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Early Interstate Highway
Originally conceived of by George Washington -- yes, that one -- who spent his pre-hero days surveying much of the area between the Virginia Tidewater and what is now known as PIttsburgh. In 1785, Washington's Potowmack Company began building four "skirting canals" around the Potomac River's major rapids: Little Falls, Great Falls, Seneca Falls, Payne's Falls and finally House's Falls at Harpers Ferry.
The Erie Canal, in upstate New York, which began operation in 1821, began taking shipping business from locations further down the Atlantic Seaboard, prompting the construction of a full canal paralleling the Potomac River. (Sometimes the C&O Canal and the river are only yards apart, other times as much as a quarter mile.)
Construction began on the Chesepeake and Ohio Canal began in 1828 and ended in 1850. Within two decades, it began losing business to railroads, which could move more freight, quicker. It was finally shut down in 1924. Construction cost $20 million -- in 1830s dollars! -- or roughly 4x estimates.
The C&O Canal ran 184.5 miles from Georgetown, Washington D.C. to Cumberland, Maryland. (The vast majority of the mileage is in Maryland, but as the start is in D.C., that's where I've designated the 'state'.) A planned section to connect to the Ohio River at Pittsburgh -- and thus, to the Mississippi River and the American heartland -- never got off the drawing board.
The C&O Canal had 74 locks, 11 aqueducts, hundreds of culverts, and even flowed through a half mile long tunnel (the Paw Paw Tunnel, between milepost 155-156 at the Bevan Bends).
The maximum length of a canal boat was 90 ft., and the maximum beam (width) was 14.5 ft., which could carry a load of over 100 tons. A typical trip from Cumberland to Georgetown was seven days, but the fastest trip was only 62 hours (with a 128 ton load).
Nowadays, the Chesapeake and Ohio Canal National Historical Park contains and maintains the old canal and its associated tow path. The hike, or more commonly bike, is still 184.5 basically flat miles from Georgetown to Cumberland. There are numerous access points, so section hikes & day hikes are easy.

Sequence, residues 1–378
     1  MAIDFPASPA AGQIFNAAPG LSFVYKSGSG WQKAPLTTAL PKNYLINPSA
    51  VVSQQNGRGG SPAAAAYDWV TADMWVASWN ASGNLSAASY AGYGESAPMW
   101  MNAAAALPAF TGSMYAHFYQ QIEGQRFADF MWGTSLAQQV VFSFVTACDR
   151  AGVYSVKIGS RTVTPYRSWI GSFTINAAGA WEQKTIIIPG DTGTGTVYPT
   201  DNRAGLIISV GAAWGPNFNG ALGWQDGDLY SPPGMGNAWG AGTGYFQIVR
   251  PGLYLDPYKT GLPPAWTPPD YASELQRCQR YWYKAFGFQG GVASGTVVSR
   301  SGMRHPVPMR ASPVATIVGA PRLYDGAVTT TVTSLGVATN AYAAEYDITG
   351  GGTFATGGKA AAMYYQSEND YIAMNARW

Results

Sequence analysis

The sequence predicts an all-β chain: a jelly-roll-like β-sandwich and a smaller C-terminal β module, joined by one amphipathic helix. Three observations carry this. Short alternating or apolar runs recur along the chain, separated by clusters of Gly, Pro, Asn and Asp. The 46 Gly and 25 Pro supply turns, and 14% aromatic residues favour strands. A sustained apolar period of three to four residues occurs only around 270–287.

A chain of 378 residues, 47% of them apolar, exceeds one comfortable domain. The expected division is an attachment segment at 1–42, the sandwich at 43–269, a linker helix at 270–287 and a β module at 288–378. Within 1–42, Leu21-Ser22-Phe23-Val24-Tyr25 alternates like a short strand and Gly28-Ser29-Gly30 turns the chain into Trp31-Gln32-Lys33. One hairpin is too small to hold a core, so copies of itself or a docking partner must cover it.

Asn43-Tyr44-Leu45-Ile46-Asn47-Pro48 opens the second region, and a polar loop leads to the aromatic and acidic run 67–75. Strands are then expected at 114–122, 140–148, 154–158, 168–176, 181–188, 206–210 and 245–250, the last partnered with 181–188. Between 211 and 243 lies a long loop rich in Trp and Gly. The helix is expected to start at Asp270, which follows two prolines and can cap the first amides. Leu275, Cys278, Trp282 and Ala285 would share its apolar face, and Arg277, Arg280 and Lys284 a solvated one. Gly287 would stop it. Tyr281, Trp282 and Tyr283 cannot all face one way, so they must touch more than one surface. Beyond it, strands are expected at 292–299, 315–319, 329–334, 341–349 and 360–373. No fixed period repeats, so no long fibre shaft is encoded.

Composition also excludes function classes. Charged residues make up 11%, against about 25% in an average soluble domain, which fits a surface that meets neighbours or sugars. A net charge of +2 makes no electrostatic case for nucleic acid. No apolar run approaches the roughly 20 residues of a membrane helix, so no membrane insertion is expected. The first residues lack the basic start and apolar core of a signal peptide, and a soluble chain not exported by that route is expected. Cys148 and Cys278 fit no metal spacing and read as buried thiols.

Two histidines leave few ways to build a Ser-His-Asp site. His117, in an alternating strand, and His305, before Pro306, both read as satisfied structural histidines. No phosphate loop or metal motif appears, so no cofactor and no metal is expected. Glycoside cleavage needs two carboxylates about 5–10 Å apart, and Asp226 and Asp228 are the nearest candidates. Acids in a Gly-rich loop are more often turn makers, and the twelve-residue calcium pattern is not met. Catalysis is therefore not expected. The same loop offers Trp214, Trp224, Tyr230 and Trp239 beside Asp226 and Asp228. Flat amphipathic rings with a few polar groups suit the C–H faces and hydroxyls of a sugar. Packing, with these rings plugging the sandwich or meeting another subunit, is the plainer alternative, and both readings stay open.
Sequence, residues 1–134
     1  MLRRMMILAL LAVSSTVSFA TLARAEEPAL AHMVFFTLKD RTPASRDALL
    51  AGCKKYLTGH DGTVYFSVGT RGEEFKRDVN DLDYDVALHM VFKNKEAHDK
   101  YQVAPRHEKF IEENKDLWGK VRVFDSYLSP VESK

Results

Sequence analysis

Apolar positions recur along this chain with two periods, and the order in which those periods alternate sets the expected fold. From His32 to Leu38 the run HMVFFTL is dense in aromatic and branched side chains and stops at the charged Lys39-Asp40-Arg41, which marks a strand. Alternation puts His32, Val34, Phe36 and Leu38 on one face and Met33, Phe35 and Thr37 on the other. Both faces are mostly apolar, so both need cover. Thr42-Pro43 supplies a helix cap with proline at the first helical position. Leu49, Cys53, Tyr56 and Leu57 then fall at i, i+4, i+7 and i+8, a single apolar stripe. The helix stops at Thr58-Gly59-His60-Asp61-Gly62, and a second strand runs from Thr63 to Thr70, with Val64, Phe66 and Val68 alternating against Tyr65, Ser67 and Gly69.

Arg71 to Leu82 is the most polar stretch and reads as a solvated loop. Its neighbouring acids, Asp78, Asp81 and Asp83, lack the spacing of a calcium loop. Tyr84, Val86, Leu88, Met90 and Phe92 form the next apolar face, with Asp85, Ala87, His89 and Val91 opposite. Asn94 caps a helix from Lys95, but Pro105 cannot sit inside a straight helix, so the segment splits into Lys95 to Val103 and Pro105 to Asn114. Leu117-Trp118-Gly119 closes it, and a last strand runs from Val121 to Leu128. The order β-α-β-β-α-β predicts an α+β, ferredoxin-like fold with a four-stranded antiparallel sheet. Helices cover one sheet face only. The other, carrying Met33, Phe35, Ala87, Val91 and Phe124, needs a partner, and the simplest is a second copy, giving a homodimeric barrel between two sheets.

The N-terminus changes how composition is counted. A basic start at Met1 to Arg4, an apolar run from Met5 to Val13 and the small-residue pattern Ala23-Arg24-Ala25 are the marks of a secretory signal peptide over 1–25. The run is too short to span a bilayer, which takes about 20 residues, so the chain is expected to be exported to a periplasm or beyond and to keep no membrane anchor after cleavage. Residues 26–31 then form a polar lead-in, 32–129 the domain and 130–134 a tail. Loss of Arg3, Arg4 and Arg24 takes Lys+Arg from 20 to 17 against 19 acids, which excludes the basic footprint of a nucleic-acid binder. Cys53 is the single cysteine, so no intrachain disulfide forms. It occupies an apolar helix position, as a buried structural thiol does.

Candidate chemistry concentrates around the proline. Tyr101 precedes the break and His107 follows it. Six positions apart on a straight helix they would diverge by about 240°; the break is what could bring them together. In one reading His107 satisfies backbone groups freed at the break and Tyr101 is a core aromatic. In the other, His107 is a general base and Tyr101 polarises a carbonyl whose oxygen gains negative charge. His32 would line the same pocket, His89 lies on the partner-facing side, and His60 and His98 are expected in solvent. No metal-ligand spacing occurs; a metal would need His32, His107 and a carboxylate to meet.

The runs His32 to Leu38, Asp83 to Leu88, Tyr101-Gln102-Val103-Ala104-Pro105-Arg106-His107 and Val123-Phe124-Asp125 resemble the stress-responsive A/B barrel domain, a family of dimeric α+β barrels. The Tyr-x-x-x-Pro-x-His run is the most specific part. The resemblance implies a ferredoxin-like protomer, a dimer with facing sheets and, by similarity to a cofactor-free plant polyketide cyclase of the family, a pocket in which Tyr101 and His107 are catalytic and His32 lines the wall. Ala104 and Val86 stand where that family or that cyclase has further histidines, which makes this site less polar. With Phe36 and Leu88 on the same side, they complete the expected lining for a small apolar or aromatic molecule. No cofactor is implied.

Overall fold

For the most part, the path is hard packed gravel & sand. It can be a bit bumpy in spots, but nothing major, though you'd probably want to avoid riding a street bike on it. The surface drains well, but it can be muddy where ruts have formed. West of Georgetown, the canal itself is now mostly dry or swampy, with many fallen trees. Views of the Potomac River are often obscured by trees, so you may need to beat brush down a muddy incline to get a better view.
From personal observation on several occasions at different locations, it is almost entirely used by dog walkers, joggers, and bikers. However, there are campgrounds, and regular access to nearby towns with places to sleep & eat. (In some cases, like Hancock, the trail goes through town, in others like Sharpsburg, it may be a few miles into town.)
The Appalachian Trail, between Harpers Ferry and the Weverton Cliffs, shares three miles with the C&O Canal Path.
There is a lot of Civil War history nearby to the C&O Canal, particularly at Harpers Ferry and Sharpsburg. In addition, besides the canal locks, there are other interesting tidbits to check out here and there, such as the lime kiln near milepost 65.
The western end of the C&O Canal Path is at the visitor center in Cumberland, where the Great Allegheny Passage begins. (The Great Allegheny Passage is a 150-mile rail trail to Fort Duquesne at the Three Rivers confluence in the middle of Pittsburgh.)
You can get water, and other supplies, from one of the nearby towns, but there are also well hand pumps every few miles.
Check out the Official Route and Triplogs.
This hike is listed as One-Way.
When hiking several trails on a single "hike", log it with a generic name that describes the hike. Then link the trails traveled, check out the example.